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The Disney Case

Updated: Apr 16


TL;DR: World’s greatest entertainment company fires its CEO Bob Chapek over the weekend, why and who will take over?


Bob Chapek's departure as the CEO of Walt Disney has shocked spectators, especially since it came just five months after receiving an extension of contract by the Board. In his place, the Board reelected Robert "Bob" Iger, the former Disney CEO, to lead the company. This will be Iger's second term as the Chief Executive Officer of the Premier Entertainment Company, with his first term being 15 years long.




But how did this happen?

Chapek's dismissal came through "a series of missteps'' that took place during his three year tenure as CEO of Walt Disney.


His tenure started when he was handpicked by Iger as a "Successor" in 2020. However, the COVID-19 pandemic started soon after, which required him to lay off thousands of employees whom he had led for a very brief period. Although this was done to keep the company afloat during a crisis scenario, Chapek's lack of stance when Florida released its 'Don't Say Gay' Bill, infuriated employees tremendously. The Bill limits discussions on sexual orientation and gender identity in schools, and evidently dismissed the studies that showcase a higher suicide rate amongst LGBTQ+ students. While Disney employees and executives shared their outrage on social media, the company remained silent for too long.


Further, Chapek reorganized the management structure at Disney such that the production teams "no longer had authority over their work". This led to significant backlash amongst the senior executives such that Disney's Chair, Susan Arnold, who also got involved.




Resentment further grew amongst employees when Chapek responded to a $1.47 billion loss with a cost-cutting drive. The loss was experienced through the D2C business, led by its Disney+ streaming platform in the fourth quarter. As a part of his cost-cutting drive, Chapek “instituted a hiring freeze, hinted at several layoffs and told employees to avoid travel until strictly necessary". As a result, the production team that had worked tirelessly for the marketing campaign of Avatar 2, was sorely disappointed as they were unable to attend its Premiere in London. The loss also instituted a significant stock sell-off that led to a decline in share price.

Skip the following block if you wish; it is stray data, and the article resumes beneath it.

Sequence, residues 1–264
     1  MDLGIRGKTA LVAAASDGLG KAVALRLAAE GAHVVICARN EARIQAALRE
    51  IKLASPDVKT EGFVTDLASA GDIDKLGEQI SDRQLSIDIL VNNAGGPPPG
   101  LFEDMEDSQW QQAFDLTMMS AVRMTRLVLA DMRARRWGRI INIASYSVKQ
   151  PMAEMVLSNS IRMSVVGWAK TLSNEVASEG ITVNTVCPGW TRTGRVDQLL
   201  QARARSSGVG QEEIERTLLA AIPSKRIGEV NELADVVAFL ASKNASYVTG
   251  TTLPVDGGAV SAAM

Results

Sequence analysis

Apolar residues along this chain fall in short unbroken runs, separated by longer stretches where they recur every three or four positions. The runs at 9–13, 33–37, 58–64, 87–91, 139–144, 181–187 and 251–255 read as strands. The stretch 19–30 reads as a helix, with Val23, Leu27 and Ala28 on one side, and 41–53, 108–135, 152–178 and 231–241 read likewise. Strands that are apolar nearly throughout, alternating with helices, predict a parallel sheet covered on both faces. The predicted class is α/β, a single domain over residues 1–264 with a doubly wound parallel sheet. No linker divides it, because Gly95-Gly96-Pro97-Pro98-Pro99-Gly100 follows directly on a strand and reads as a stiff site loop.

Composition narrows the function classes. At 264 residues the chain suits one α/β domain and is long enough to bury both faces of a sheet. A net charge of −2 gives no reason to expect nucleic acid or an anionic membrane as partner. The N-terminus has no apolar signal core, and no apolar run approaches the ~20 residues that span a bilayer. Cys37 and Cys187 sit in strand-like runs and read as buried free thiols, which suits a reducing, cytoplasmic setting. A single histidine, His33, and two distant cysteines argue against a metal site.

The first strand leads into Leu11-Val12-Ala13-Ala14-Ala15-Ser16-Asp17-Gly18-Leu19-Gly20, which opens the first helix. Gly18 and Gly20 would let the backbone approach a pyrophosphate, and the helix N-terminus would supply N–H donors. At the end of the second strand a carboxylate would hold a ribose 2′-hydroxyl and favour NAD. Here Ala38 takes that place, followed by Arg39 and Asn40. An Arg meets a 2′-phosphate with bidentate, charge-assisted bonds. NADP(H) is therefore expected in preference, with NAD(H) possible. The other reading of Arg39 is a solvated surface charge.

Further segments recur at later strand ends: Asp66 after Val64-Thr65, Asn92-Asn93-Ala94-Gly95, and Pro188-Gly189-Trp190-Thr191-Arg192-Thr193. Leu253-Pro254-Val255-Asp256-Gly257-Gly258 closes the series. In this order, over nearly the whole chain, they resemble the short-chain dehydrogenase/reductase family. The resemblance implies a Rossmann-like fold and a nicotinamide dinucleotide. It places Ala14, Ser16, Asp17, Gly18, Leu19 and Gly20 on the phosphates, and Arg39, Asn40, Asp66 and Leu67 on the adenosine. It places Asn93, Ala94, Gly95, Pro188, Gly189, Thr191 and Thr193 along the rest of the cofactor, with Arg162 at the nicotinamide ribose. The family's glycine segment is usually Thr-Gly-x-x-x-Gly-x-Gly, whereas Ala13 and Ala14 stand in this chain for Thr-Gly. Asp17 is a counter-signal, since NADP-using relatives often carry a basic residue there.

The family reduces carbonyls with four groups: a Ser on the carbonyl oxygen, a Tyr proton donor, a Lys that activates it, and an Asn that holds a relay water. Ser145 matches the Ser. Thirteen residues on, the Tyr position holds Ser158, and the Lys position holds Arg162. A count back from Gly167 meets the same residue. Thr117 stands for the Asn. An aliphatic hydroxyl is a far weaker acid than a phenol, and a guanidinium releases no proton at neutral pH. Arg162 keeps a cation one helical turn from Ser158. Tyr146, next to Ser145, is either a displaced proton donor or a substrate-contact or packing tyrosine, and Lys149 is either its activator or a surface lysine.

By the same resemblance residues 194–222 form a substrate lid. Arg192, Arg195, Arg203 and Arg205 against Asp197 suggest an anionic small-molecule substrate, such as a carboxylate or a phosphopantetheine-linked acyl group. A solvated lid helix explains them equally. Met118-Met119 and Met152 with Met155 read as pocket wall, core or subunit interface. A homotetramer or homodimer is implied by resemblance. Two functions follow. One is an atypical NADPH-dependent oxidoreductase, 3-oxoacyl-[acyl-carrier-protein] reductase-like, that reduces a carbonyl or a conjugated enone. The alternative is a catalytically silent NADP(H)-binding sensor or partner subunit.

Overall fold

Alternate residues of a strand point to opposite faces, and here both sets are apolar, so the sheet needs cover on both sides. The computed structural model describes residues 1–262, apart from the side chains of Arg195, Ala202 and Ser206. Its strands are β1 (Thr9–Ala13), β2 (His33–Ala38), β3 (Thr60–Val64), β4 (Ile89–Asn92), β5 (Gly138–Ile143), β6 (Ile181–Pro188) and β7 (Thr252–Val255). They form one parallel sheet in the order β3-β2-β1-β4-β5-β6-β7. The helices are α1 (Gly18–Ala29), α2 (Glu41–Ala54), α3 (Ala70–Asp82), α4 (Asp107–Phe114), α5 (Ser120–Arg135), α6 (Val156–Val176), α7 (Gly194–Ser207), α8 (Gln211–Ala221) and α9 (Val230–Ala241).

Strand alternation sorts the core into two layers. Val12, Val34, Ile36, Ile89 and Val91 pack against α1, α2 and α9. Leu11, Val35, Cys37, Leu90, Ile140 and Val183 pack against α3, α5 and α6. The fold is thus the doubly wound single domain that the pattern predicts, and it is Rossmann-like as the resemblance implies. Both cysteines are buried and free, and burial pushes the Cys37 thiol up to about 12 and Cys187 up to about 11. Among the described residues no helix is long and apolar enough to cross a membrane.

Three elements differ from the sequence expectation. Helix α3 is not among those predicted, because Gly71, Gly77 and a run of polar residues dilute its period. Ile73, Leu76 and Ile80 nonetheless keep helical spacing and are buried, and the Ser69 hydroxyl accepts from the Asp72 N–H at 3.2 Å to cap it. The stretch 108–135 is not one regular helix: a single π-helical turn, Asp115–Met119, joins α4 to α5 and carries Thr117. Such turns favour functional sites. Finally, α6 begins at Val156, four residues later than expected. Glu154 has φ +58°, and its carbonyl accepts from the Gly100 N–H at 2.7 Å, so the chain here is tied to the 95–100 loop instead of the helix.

At this point, CFO Christine McCarthy expressed her disapproval to the Board. The Trian Partners, who own a stake worth $800 million dollars in Disney, also sought changes. After reviewing all the complaints and possible successors, Susan Arnold contacted Iger with the proposition. The final contract agreed upon pays $27 million annually to Iger during his two year term. The contract was made effective immediately and Chapek was dismissed over the weekend.


Iger began his first day (Monday) by undoing Chapek's work. He promised to work with his co-Executives to redesign a corporate structure that will bring authority and decision-making capacity back to the production teams. Kareem Daniel, appointed by Bob Chapek as head of Disney's film and TV distribution business, was promptly fired.


The new allocation has been cheered on by many, including Former Disney CEO Michael Eisner, Adam Aron, Chief of AMC Entertainment Holdings Inc., the largest theater chain, and Jessica Ehrlich from Bank of America. Several tweets also stated that Iger should groom someone over his tenure to ensure a "better Executive pick" after he leaves.


Furthermore, Iger has brought a positive effect on Disney's share price, as the price picked up by 6.3% today, adding nearly $10 billion in market value.



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